Did IFAF Breakaway Group Really Have Support from 22 Countries?

As negotiations apparently continue in secret between IFAF with Roope Noronen as President and the IFAF breakaway group headed by Tommy Wiking, more inaccuracies are surfacing regarding the number of delegates who supported the “rebels”.

Wiking & Co. claim that 22 countries attended their impromptu congress and voted unanimously for the Wiking and German federation President Robert Huber card and against Noronen and USA Football president Scott Hallenbeck.

But were there actually 22 delegates who were eligible to vote in that group?

As mentioned earlier, Tommy Wiking was elected president but since he is no longer a member of the Swedish federation, he is not eligible to stand for election. To add fuel to the fire, Romania issued a statement Friday emphatically stating that despite what the Wiking-Huber camp claims, there was no delegate from Romania in attendance at the IFAF Congress, and the person cited by the breakaway group as being the representative from Romania – Andrei Mirescu – is unknown to them.

This calls into question the validity of many of the delegates that this group claims supported them and voted in a new board ousting Roope Noronen and Scott Hallenback in the process.

LEFA Statement

With these “secret negotiations” apparently underway, an anonymous source who knows the infrastructure of IFAF well, also questions whether countries like Bulgaria, Ukraine and Greece, all three of whom, from what we have been told, are not full fledged IFAF members with federations, were really in attendance.

This adds to the suspicion that the breakaway group did not have any kind of majority and that was the reason they left the meeting.

Against this backdrop, what is the view of the International Olympic Committee regarding IFAF now?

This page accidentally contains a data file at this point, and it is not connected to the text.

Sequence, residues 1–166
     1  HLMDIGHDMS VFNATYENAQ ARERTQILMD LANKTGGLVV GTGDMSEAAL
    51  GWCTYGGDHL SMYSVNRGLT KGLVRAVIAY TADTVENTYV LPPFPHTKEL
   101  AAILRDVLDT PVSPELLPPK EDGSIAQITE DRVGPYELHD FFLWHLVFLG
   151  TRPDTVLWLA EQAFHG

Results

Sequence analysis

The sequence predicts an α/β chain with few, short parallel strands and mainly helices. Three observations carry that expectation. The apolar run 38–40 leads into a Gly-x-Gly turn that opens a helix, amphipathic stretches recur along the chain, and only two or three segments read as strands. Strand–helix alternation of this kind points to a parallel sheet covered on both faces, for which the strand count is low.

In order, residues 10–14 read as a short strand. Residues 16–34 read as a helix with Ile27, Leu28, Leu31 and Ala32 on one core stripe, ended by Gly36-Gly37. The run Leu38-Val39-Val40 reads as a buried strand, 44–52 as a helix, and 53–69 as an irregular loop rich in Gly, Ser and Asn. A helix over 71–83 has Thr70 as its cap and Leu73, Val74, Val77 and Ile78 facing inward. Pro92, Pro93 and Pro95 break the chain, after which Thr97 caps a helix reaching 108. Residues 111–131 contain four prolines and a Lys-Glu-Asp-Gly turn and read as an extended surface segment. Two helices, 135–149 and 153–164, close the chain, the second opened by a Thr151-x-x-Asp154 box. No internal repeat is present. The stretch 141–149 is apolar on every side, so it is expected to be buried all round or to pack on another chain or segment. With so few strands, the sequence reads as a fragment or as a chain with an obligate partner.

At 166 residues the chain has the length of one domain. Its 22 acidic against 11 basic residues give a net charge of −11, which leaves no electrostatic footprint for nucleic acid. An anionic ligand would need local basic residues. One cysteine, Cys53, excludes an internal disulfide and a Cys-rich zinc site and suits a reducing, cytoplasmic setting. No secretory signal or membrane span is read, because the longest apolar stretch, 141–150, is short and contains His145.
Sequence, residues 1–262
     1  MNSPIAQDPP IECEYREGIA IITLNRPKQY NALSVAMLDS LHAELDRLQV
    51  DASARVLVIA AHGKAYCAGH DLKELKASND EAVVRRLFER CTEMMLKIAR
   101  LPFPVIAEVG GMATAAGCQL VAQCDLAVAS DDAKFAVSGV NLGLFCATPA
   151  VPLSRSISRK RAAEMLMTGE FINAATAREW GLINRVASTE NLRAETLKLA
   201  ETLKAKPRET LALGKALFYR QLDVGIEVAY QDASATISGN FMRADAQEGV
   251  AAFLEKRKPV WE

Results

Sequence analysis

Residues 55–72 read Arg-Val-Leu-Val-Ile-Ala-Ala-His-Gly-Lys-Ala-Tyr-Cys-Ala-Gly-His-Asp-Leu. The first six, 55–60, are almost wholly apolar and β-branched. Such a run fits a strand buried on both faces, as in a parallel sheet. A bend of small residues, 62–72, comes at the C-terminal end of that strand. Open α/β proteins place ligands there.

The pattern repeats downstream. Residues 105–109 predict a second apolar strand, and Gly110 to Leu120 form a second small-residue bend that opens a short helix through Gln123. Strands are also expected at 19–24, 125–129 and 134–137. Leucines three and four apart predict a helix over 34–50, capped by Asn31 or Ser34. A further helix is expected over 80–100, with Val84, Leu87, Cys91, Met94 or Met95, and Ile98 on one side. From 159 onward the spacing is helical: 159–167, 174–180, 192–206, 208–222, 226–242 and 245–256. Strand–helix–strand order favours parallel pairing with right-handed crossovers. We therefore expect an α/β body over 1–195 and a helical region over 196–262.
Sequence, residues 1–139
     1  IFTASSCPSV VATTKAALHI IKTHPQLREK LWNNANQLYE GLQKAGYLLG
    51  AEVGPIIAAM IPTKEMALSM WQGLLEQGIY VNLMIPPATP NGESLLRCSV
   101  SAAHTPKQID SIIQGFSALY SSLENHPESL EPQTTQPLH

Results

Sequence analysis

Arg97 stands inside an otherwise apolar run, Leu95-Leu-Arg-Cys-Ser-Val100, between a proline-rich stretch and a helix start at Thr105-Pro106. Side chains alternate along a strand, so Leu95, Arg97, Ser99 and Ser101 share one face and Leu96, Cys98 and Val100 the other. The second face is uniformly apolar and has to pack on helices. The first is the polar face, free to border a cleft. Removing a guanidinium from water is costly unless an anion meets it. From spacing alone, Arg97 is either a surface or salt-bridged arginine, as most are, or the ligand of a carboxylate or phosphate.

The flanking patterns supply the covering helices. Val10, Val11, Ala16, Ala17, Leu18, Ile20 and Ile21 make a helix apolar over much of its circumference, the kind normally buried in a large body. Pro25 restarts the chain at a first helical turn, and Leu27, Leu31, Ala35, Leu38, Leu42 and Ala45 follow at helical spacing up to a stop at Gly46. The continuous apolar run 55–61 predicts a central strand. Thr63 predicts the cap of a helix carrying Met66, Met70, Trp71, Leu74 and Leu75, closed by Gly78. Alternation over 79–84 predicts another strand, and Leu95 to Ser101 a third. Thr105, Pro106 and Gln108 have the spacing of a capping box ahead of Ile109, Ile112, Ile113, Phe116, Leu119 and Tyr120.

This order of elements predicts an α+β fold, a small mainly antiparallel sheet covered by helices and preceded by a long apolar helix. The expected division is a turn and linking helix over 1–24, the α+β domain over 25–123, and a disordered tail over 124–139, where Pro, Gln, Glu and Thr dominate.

If, as Wiking claims, he is the only hope for IFAF to gain IOC recognition, would the IOC seriously consider a group who were bent on tearing down the very organization that was built to bind American football together internationally?

With IFAF in seeming total disarray and infighting rampant, what is the actual likelihood that the IOC would view IFAF and American football as a serious candidate for the Olympic Games?

Roger Kelly

Roger Kelly is an editor and a writer for AFI. A former PR Director the B.C. Lions of the Canadian Football League for 7 years, he now lives in Sweden writing about and scouting American Football throughout the world.

  • Dr.D

    It seems to me that Mr. Wiking dealt the death blow to the already unlikely bid for the olympics 2020 with his botched world championships in Stockholm. There is no reason to believe he has any leverage whatsoever with IOC at this point and would likely have to be viewed as a liability going forward anyway.
    There is also a more general problem with IFAF’s strategy regarding the Olympic games altogether. With 11on11 tackle football out of the question for the olympics due to the necessary size of teams and the restrictions on the overall number of athletes for the olympics, IFAF for some reason chose to promote an artificial “beach” version of flag football for IOC consideration. Unlike flag football, where IFAF has held world championships bi-annually since 2002 with ever growing number of participating nations, there only has been a handful of regional “beach” championships with muted interest from national federations. For instance four of the eight European teams participating in last year’s world championships in Italy chose not to participate in the first European beach flag football championships despite the tournament being held right after and in the same location of the world championships.

Skip to toolbar